I told John that if Pinky Durham knew the extent to which his life and service made an impression on people he would have never believed it. Such an honor as the Medal of Honor and the Freedom Gallery (as well as others too numerous to mention here) were beyond the pale of our imaginations in our younger days when life was carefree and filled with good times and friendship. Yes, Pinky is the one that no one will forget. He is forever inscribed in history as well in the hearts of those who knew him. Nick Bennett went on to sing opera and later to serve the Lord in the Ministry. John, became a very successful businessman near San Antonio, TX. I became a Pastor and led God's people for forty-five years. But, the one who will be long remembered is that little red headed guy named Harold Bascom Durham, Jr. who died for our freedoms and was awarded the Medal of Honor. But, I feel that this little missive would not be complete without mentioning his brother John and his dear wife Marilyn who have traveled untold miles to attend untold events honoring Pinky and others who paid the ultimate price for our freedom. Without John's persistence, the Freedom Gallery would not have happened. We are also indebted to him for his vision and dedication to this task. As I stated in the presentation I was honored to give, I have never seen any brother as dedicated to his younger brother as John has been to Pinky. Our hats are off to him for all he has done over the years to keep Pinky's memory alive and to honor those who served with him in Vietnam as well as veterans in general.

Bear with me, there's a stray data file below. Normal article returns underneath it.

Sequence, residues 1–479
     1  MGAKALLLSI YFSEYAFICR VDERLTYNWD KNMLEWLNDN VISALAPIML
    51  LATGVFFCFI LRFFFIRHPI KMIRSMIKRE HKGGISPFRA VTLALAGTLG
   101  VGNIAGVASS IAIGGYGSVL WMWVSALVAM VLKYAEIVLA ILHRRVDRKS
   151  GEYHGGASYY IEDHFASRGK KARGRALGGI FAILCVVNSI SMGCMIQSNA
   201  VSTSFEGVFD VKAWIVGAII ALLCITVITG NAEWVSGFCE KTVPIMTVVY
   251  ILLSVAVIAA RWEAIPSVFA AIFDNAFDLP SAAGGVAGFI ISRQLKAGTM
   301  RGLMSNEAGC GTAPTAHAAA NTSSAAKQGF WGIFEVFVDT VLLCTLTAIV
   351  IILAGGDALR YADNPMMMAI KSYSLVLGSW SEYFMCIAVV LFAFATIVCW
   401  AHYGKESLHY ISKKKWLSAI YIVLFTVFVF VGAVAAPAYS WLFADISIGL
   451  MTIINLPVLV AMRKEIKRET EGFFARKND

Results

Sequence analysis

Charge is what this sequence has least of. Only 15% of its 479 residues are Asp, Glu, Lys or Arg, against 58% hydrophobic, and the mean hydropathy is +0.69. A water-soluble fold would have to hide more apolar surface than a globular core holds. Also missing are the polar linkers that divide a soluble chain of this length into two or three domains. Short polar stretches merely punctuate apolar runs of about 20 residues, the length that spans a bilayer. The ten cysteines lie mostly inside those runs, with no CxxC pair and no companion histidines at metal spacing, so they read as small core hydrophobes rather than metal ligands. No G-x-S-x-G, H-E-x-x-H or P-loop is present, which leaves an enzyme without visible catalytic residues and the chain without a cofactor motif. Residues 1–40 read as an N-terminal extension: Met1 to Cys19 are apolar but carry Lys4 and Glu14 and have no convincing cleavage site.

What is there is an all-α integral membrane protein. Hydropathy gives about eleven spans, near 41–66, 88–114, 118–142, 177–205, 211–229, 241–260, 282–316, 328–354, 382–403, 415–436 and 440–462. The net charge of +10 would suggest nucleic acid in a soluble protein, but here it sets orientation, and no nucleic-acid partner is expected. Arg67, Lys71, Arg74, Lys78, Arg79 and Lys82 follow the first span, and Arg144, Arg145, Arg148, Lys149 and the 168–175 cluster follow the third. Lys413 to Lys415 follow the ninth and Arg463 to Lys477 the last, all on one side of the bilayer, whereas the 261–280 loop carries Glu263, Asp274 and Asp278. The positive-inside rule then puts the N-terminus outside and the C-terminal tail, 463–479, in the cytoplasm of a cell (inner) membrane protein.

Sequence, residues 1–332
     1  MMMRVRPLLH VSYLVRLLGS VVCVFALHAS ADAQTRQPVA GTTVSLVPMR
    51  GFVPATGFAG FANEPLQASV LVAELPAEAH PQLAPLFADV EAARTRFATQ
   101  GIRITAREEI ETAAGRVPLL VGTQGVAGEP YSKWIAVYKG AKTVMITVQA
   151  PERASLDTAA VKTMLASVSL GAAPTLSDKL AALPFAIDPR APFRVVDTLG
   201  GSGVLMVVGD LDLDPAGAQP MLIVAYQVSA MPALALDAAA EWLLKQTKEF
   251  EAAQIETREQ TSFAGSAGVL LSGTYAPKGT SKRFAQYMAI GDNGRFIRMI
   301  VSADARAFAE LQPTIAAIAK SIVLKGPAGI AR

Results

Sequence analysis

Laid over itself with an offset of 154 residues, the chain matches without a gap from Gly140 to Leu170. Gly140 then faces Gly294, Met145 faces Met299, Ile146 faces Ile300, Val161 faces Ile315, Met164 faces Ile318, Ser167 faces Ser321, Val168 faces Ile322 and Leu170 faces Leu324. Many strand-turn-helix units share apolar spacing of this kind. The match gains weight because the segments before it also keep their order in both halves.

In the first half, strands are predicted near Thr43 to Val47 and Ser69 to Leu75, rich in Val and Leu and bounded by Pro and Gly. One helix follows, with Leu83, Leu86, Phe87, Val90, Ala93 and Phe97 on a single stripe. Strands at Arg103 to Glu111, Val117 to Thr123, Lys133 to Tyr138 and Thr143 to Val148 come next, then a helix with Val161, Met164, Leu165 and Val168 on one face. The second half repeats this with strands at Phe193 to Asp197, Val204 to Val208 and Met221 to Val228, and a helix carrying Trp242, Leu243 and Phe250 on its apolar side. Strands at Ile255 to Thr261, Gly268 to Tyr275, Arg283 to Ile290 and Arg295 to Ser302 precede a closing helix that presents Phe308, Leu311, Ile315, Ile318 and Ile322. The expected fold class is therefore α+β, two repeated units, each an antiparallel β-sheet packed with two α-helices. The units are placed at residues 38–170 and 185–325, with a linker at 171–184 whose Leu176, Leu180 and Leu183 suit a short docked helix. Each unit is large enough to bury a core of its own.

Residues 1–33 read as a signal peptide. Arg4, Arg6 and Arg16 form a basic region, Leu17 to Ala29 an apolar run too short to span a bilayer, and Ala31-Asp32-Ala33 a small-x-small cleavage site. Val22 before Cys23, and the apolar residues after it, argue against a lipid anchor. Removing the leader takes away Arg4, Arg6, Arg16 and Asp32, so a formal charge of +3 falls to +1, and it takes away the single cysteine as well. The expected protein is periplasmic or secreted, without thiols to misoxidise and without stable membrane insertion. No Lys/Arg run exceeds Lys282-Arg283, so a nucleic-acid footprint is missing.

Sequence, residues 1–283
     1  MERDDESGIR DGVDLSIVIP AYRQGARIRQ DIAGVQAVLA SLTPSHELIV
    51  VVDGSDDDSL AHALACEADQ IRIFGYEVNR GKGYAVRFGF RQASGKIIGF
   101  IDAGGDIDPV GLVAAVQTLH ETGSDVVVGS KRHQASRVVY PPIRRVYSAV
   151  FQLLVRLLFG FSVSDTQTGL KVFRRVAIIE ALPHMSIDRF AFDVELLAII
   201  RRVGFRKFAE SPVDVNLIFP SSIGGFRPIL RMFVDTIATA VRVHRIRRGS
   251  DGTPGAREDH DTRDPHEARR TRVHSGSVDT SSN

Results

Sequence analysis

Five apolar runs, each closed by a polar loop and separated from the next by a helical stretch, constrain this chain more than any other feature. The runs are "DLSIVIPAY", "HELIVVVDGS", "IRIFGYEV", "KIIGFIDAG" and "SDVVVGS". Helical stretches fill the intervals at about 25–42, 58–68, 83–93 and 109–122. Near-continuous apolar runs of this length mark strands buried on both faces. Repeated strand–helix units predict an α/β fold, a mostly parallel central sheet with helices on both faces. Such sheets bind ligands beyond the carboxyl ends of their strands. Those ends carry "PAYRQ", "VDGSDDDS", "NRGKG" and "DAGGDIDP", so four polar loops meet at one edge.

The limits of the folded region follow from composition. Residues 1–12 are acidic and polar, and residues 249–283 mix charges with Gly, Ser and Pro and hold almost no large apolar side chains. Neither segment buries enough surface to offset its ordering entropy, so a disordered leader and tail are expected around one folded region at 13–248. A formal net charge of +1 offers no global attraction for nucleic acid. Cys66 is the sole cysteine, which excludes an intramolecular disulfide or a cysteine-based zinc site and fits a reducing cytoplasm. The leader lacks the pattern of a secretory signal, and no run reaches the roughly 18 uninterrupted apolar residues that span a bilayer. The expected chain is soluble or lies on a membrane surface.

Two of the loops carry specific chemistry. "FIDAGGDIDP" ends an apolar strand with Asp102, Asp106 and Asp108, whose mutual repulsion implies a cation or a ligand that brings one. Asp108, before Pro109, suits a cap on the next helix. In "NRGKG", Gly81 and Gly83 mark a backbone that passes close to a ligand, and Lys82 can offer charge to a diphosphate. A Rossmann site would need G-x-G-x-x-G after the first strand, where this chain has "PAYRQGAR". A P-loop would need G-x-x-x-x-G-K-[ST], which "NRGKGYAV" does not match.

The Freedom Gallery is open to anyone who wants to visit it. It is located in the Administration Building of Abraham Baldwin College in Tifton, GA. I encourage everyone to make a trip to see it. You will be a better person for it.

William F. Harrell